The arboretum tour of The Lexington Cemetery includes forty-one trees. The tour begins at the Henry Clay Monument.
The tour may be taken as a whole or in two parts. The first half ends after the ginkgo, Number 23. The second half begins with the cucumber tree, Number 24, and covers a wider area of the cemetery.
All of the trees on the tour are marked with metal plates.
The trees in The Lexington Cemetery have been allowed to grow naturally with no use of insecticides or feritlizers. In most cases these trees are the best specimens of their species growing in this area, and some are the largest of their kind. That is because the cemetery was established in 1849, and the trees which have been planted have not been pruned or trimmed into artificial shapes.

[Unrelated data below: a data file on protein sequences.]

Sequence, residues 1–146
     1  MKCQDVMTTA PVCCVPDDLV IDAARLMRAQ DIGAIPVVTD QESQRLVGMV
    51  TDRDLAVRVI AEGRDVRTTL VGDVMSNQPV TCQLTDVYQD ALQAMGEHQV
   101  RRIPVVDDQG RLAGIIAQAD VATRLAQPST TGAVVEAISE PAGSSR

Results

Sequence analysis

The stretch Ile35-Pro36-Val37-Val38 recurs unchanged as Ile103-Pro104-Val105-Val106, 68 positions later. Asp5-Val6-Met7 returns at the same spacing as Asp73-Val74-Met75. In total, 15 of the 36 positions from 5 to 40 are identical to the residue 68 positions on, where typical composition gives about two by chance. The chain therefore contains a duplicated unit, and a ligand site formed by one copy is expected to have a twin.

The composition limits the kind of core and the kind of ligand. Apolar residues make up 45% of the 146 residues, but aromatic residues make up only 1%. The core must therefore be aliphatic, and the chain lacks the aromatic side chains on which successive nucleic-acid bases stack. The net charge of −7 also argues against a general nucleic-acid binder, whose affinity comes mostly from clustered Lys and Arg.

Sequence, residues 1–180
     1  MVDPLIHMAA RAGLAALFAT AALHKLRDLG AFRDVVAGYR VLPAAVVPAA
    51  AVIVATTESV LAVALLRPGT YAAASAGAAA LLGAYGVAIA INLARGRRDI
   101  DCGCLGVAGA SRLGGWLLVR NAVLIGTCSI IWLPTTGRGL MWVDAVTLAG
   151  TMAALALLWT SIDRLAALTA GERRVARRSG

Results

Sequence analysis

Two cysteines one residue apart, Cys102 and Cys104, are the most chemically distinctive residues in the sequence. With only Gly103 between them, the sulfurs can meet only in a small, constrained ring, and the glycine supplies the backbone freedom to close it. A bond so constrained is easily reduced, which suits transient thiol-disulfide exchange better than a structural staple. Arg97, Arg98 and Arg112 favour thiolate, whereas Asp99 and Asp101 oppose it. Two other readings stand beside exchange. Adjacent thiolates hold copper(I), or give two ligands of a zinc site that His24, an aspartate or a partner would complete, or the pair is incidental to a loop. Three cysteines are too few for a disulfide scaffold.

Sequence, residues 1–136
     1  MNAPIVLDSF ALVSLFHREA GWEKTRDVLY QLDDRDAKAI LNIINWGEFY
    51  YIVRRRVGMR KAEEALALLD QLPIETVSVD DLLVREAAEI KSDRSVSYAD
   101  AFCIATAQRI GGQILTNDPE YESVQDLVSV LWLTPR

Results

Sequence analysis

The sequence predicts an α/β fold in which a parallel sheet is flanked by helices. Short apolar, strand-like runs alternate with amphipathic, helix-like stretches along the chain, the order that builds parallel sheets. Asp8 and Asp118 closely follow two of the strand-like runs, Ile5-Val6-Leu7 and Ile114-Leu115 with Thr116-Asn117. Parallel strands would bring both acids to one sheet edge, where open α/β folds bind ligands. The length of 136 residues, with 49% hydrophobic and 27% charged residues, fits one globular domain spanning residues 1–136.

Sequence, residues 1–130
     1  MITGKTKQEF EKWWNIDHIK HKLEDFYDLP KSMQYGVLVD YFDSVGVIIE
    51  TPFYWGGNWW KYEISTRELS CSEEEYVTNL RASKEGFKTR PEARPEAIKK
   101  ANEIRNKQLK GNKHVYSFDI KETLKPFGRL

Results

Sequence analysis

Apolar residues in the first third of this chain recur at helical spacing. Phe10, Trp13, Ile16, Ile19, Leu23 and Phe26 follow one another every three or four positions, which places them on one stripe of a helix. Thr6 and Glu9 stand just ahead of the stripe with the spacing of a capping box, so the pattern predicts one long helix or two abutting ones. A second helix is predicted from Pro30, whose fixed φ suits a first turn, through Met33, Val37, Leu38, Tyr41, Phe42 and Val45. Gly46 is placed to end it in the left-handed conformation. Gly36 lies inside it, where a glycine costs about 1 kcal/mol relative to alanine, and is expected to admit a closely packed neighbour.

|1.||Southern Magnolia||24.||Cucumber Tree|
|2.||Weeping Cherry||25.||Tulip Poplar|
|3.||Eastern Hemlock||26.||Kentucky Coffeetree|
|4.||European Hornbeam||27.||European Larch|
|5.||Eastern Redbud||28.||Shellbark Hickory|
|7.||Common Hackberry||30.||Japanese Maple|
|8.||Osage Orange||31.||Northern White-Cedar|
|9.||Weeping Mulberry||32.||Northern Catalpa|
|10.||Panicle Hydrangea||33.||American Elm|
|14.||Sycamore Maple||37.||European Black Alder|
|15.||Sweet Gum||38.||Sugar Maple|
|16.||Common Sassafras||39.||European Ash|
|17.||American Holly||40.||Fern-Leaf Beech|
|19.||White Pine||42.||Bur Oak|